[FoRK] Freddie, Fannie, and the Bush Conspiracy?

jbone at place.org jbone at place.org
Tue Feb 24 19:29:51 PST 2004


	
On the one hand:  I've had substantial disputes with Mitch before 
elsewhere:  he apparently tends to favor large, centralist, lower-left 
solutions a lot more than I am comfortable with.  OTOH, this is an 
interesting spin on an interesting story.

--

	http://blog.redherring.com/MT/archives/main/000097.html

When Fannie and Freddie fry
Category: Economy & Policy | Public Markets

"Congressional Budget Office and other estimates differ, but they come 
to the essentially same conclusion: A substantial portion of these 
[government sponsored entities, or GSEs] implicit subsidy accrues to 
GSE shareholders in the form of increased dividends and stock market 
value. Fannie and Freddie, as you know, have disputed the conclusions 
of many of these studies."

With these words, and those of Bush economic advisor Greg Mankiw, 
Federal Reserve Chairman Alan Greenspan signalled that it open season 
on the most egalitarian source of liquidity in the economy, consumer 
mortgage companies Fannie Mae (quote) and Freddie Mac (quote).

In hearings today before the Senate Committee on Banking, Housing and 
Urban Affairs, Greenspan said, essentially, that the implicit subsidies 
that Fannie Mae and Freddie Mac have because their debt is perceived by 
many investors as being backed by the U.S. government (which, in fact, 
it is not), is ending up in executives' and shareholders' pockets. 
Following calls by Mankiw and U.S. Secretary of Treasury John Snow for 
a "super-regulator" to reign in Fannie and Freddie's advantages in 
attracting mortgage debt by paying originators higher fees, Greenspan 
urged caution but explicitly endorsed the idea that the markets in 
which the companies compete should be reorganized. Said Greenspan:
"World-class regulation, by itself, may not be sufficient and indeed, 
as suggested by Treasury Secretary Snow, may even worsen the situation 
if market participants infer from such regulation that the government 
is all the more likely to back GSE debt. This is the heart of a dilemma 
in designing regulation for the GSEs. On the one hand, if the 
regulation of the GSEs is strengthened, the market may view them even 
more as extensions of the government and view their debt as government 
debt. The result, short of a marked increase in capital, would be to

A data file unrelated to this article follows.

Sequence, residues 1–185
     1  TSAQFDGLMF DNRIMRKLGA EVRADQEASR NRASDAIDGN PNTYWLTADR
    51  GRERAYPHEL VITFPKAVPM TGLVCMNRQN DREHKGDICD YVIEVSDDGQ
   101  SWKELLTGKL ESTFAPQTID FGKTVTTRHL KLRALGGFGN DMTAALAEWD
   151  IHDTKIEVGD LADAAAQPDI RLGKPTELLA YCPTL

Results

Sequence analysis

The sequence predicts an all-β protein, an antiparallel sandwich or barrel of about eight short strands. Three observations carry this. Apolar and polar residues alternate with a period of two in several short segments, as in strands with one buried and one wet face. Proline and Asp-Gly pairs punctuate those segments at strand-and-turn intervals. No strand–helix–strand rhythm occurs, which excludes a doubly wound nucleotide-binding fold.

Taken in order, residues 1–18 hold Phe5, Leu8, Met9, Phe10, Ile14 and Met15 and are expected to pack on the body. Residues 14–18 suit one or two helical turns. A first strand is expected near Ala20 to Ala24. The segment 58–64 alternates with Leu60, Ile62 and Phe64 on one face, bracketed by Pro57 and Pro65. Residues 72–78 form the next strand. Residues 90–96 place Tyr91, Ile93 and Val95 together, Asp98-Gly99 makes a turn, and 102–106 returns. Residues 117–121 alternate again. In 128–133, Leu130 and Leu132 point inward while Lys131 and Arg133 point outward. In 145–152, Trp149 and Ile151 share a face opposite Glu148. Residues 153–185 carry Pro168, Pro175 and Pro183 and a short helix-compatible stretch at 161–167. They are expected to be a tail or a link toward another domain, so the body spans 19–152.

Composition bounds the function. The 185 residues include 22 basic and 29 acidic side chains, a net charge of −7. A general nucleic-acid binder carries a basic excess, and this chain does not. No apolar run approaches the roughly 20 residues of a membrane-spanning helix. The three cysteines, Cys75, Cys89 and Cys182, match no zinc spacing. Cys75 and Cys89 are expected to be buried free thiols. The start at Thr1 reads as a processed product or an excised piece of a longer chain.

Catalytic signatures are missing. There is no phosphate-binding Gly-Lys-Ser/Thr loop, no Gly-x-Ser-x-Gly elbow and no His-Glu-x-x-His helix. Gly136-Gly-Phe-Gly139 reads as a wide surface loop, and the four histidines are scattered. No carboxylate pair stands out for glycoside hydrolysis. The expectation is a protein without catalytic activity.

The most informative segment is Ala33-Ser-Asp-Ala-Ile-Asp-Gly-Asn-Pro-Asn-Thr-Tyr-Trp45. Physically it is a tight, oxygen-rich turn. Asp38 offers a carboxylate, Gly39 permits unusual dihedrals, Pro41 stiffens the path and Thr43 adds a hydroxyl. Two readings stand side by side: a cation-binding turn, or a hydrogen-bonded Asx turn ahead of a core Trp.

expand the implicit subsidy and allow the GSEs to play an even larger 
unconstrained role in the financial markets. On the other hand, if we 
fail to strengthen GSE regulation, the possibility of an actual crisis 
or insolvency is increased."

The call for new regulation is, in part, payback from the Bush 
administration for crackdowns on industries with which the White House 
has close ties, particularly energy, where executives have ended up in 
court after alledgedly stealing billions of dollars from investors and 
partners. The message is: "If you want accountability, we'll give you 
accountability."

Fannie Mae and Freddie Mac, while they are flawed, are profoundly 
beneficial to the economy as a whole, as they have increased home 
ownership to historically high levels—not just in the United States, 
but globally; no country has ever experienced the United States' home 
ownership levels. Moreover, through the refinancing boom of the past 
three years, Fannie and Freddie have provide much of the liquidity that 
consumers have relied on to prop up spending while corporate investment 
fell steeply.

If there is evidence of wrong-doing at Fannie and Freddie, then people 
should be prosecuted. But the call to make these companies, which were 
founded to increase home ownership, compete for mortgage business on an 
equal footing with companies that don't have increased home ownership 
as a central mission, is an attack on an investment made by Americans 
as a whole. Home ownership is closely equated with lower crime rates, 
higher levels of household investment and myriad other economically and 
socially beneficial results. A certain degree of inefficiency, in this 
case seven basis points, according to Federal Reserve research, is an 
acceptable price to pay for the benefits of millions of families who 
own homes that otherwise would not.

Reduced consumer liquidity because of new limits on Fannie and Freddie 
would be disastrous at this point in an already lagging recovery. 
Indeed, today the Conference Board announced that after five months of 
gains consumer confidence has fallen steeply, to its lowest point since 
October. That news comes on concern about joblessness. But, given 
drastically lower housing starts announced earlier this month and the 
potential for decreasing consumer liquidity because of a tighter 
mortgage market, investors need to pay close attention to the rising 
beat of war drums over Fannie Mae and Freddie Mac.


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